Sound Bites: Sinking Teeth into the Latest from the Music World – Ulver – Flowers of Evil
This year, without a doubt, has sucked more than Chris Barnes’ vocals. To say I miss live shows is an understatement, seeing as the last one I went to was back in February when I saw Ingested and the mighty Visceral Disgorge, for the second time I might add, at the now-defunct Lookout Lounge. That last sentence is sad on a few notes as I miss putting on the old battle vest and worry about the future of our venues. No matter what happens, though, music will never die. It will always be there, carrying us through all the shitty parts of our lives, and for that, I am thankful.
Music is indeed alive and well, as evidenced by the multitude of killer music coming out. With another year of music entering into its last act, it’s time to talk about some of it. Each week I’ll present a new album review, in condensed form, for your perusal. First up, Ulver.
Three years after the critically acclaimed, The Assassination of Julius Caesar, front man and mastermind of the band, Kristoffer Rygg, has released Flowers of Evil. While of a similar vein as Assassination, Flowers is more pop than its predecessor. Fans of Ulver, past and present, will undoubtedly know that over the years, the band has changed their sound from black and folk metal to experimental electronica. This culminated with the release of Assassination, an album steeped in soaring vocals, electronic-pop mastery, a complex story line, and a tight grip on atmosphere. While Flowers aims to be like this, only with a more pop undertone, it just doesn’t deliver the goods. I found songs like “Russian Doll” easy enough to like but it didn’t serve up the same brilliance as “So Falls the World” from Assasination.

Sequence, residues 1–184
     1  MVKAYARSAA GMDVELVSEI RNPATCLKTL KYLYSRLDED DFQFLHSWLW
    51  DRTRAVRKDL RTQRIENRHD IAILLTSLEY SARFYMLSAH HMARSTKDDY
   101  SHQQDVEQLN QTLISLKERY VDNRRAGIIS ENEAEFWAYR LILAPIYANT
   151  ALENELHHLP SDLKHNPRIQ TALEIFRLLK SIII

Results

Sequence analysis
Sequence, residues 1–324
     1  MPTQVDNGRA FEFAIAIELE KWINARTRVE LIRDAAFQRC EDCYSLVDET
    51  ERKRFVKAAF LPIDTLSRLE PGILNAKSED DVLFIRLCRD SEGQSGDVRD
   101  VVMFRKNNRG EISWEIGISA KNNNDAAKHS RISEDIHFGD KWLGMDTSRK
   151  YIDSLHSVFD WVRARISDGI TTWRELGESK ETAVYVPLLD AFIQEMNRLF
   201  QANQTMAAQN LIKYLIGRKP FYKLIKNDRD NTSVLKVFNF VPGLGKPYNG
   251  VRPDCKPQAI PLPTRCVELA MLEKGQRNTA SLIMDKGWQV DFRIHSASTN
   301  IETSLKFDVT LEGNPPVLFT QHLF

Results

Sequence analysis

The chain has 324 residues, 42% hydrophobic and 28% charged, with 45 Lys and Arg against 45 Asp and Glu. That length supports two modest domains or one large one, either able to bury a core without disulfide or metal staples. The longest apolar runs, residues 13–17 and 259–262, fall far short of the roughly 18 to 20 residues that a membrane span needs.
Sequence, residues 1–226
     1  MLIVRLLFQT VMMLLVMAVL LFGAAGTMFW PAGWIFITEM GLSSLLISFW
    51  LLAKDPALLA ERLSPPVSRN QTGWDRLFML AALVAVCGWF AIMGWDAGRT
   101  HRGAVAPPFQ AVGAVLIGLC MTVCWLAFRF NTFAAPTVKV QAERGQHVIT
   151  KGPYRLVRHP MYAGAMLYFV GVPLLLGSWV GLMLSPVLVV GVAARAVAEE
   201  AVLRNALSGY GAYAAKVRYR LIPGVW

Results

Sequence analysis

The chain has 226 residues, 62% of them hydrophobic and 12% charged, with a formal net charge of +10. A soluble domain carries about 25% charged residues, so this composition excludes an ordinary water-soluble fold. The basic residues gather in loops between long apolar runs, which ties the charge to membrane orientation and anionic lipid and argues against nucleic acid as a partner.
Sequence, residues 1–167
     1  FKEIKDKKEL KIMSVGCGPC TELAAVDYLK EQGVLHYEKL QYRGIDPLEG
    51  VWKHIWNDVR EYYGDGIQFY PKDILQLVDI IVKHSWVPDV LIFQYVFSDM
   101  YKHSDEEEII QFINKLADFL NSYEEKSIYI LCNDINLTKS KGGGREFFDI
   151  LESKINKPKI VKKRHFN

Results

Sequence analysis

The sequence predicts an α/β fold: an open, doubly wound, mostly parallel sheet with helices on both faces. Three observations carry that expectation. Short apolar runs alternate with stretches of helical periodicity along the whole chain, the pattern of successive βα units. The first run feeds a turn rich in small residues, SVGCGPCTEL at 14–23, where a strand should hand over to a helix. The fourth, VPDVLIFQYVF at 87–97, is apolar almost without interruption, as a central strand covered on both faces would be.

Flowers of Evil isn’t a bad album, but it isn’t that great either. The thing that sticks out most about this album is the lack of solid endings. There are no buildups that culminate in endings that grab you. It’s like seeing your favorite person across a field but they can only walk halfway to meet you. It’s a disappointing letdown. While the ingredients are there to make a killer album, none of it comes together in a way that moves you, and I found myself easily distracted while listening to it.
My two cents: Save yourself the money, or, better yet, go buy The Assassination of Julius Caesar – if you haven’t already.